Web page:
Thursday, 7 February 2008
Nekrofile: Cinema of the eXtreme
This 1997 publication from Midnight Media, written by British genre writer Alan Jones, presents a selection of 20 reviews organised around the notion of cinema of the extreme: disreputable, marginal and envelope-pushing independent productions like Anthropophagous the Beast, Expose, Friday the 13th and Mark of the Devil.
Jones characteristically breathless reviews are entertaining and pleasurable to read, even if inevitably you don't always agree with his evaluations.
The things that are to be savoured most, however, are the obscure little nuggets of information and the personal angle that he brings: the reminiscences of seeing Blood and Black Lace at the age of 13 or a double bill of Zombie Flesh Eaters and The Toolbox Murders on its first release; memories of having dinner with Mariangela Giordano, the dining room decorated with a nude portrait of her; or just the 'I'm not telling' Cinecitta Babylon type scurillous rumours as to various unnamed individuals sexual orientations and off-set activities.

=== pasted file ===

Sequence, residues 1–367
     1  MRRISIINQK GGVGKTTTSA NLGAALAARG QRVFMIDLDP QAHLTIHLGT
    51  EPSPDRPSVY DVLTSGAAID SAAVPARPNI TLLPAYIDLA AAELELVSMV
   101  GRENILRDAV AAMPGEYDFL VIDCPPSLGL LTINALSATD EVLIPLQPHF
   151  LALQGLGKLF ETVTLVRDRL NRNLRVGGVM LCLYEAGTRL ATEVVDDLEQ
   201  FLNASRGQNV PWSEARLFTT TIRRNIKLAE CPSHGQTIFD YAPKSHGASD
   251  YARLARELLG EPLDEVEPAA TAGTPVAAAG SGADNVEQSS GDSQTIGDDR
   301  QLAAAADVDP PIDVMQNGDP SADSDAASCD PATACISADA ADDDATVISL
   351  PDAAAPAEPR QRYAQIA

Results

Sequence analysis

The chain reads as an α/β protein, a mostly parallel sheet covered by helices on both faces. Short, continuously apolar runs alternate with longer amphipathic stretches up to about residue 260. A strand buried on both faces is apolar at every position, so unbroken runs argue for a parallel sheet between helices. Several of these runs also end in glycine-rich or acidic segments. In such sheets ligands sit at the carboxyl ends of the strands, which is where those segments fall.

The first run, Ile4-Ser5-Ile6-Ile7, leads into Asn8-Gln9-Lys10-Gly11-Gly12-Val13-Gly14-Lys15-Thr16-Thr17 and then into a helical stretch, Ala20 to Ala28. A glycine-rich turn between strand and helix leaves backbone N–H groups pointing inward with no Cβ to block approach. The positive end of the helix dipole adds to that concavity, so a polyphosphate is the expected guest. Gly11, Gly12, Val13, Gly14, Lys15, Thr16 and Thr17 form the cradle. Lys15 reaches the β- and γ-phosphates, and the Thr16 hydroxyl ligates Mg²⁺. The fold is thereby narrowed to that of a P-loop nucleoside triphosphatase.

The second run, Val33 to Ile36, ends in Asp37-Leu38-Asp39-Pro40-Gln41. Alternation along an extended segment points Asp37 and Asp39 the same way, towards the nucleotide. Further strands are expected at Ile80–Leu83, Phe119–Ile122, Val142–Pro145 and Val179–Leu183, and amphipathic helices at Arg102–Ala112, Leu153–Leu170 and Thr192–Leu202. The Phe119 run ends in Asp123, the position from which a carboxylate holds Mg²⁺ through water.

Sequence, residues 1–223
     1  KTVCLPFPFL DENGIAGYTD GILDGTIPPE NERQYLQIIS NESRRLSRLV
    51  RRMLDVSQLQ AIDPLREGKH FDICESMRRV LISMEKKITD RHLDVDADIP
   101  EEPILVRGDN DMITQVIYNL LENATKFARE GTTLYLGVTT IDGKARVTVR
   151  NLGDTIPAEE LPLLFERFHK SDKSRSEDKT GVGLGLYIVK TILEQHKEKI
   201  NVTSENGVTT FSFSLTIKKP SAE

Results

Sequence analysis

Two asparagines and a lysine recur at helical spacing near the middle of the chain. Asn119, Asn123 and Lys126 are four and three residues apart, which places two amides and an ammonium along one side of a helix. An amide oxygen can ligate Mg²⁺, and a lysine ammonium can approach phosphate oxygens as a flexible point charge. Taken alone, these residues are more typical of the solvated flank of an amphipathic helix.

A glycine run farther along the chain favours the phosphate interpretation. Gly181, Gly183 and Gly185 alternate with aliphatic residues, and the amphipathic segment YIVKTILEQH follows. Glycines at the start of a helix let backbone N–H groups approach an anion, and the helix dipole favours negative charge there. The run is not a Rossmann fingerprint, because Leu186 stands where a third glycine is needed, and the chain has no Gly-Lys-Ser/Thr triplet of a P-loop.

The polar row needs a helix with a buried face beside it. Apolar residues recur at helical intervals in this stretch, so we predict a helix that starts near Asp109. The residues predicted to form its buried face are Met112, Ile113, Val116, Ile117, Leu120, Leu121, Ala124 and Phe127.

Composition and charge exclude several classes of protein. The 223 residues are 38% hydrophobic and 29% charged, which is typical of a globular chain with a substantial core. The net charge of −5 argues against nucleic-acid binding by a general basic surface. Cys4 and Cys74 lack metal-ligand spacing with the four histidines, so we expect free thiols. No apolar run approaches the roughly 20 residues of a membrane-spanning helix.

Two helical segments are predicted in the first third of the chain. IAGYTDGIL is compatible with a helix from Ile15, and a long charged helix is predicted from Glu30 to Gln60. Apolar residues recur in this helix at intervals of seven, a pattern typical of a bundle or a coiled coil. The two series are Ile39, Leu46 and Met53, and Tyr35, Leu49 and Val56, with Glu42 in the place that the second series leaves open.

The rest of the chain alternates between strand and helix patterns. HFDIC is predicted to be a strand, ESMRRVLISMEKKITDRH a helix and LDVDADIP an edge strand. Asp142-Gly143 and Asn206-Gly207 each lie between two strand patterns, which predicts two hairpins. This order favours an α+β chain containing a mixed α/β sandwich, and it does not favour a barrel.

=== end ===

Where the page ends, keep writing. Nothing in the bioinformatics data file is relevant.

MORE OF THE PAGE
It's also fascinating to see how the scene around these films has changed over time. The digital revolution, in the form of DVD and file sharing, has made it comparatively easy for us to see these films, putting them almost literally at our fingertips.
Ten years ago I had only read about most of the titles in the book, today I have all of them bar a couple, Mother's Day and The Fiend, and could doubtless add these to my collection and watched list with minimal effort.
Yet, our culture around extreme cinema has also changed as a result. Viewing that uncut, beautifully presented DVD of Cannibal Holocaust in the comfort of your own home cinema is a fundamentally different experience from watching a beaten-up print in that sleazy fleapit, grindhouse or drive-in with an audience of like minded types or via that nth generation video obtained from some dubious source. Whether this is all for the better, the worse or a mixture of both is, of course, a matter for debate.
Another factor here is the emergence of the arthouse/grindhouse crossover, already perhaps implicit in a film like Abel Ferrara's MS .45, but apparently growing in importance with the likes of Claire Denis's Trouble Every Day and Gaspar Noe's Irreversible. The challenge here is that of bringing the two non-or anti- Hollywood mainstream cultures, and the larger part of their audiences, together to cross-pollinate/contaminate...